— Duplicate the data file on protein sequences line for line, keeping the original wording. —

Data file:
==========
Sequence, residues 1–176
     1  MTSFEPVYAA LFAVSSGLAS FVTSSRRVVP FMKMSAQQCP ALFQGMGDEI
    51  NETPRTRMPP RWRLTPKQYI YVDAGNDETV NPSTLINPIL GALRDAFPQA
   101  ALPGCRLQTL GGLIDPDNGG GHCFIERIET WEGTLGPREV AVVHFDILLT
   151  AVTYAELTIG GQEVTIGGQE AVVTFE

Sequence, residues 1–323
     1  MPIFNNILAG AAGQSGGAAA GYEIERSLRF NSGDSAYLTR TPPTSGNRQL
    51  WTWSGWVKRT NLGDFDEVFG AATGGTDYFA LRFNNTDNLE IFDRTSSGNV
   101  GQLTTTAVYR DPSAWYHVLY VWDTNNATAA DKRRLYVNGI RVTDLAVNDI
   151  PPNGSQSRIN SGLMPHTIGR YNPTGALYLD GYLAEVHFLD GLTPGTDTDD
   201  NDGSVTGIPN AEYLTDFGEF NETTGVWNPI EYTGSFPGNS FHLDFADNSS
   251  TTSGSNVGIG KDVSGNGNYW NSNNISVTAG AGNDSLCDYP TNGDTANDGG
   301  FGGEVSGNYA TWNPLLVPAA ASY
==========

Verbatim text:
Sequence, residues 1–176
     1  MTSFEPVYAA LFAVSSGLAS FVTSSRRVVP FMKMSAQQCP ALFQGMGDEI
    51  NETPRTRMPP RWRLTPKQYI YVDAGNDETV NPSTLINPIL GALRDAFPQA
   101  ALPGCRLQTL GGLIDPDNGG GHCFIERIET WEGTLGPREV AVVHFDILLT
   151  AVTYAELTIG GQEVTIGGQE AVVTFE

Sequence, residues 1–323
     1  MPIFNNILAG AAGQSGGAAA GYEIERSLRF NSGDSAYLTR TPPTSGNRQL
    51  WTWSGWVKRT NLGDFDEVFG AATGGTDYFA LRFNNTDNLE IFDRTSSGNV
   101  GQLTTTAVYR DPSAWYHVLY VWDTNNATAA DKRRLYVNGI RVTDLAVNDI
   151  PPNGSQSRIN SGLMPHTIGR YNPTGALYLD GYLAEVHFLD GLTPGTDTDD
   201  NDGSVTGIPN AEYLTDFGEF NETTGVWNPI EYTGSFPGNS FHLDFADNSS
   251  TTSGSNVGIG KDVSGNGNYW NSNNISVTAG AGNDSLCDYP TNGDTANDGG
   301  FGGEVSGNYA TWNPLLVPAA ASY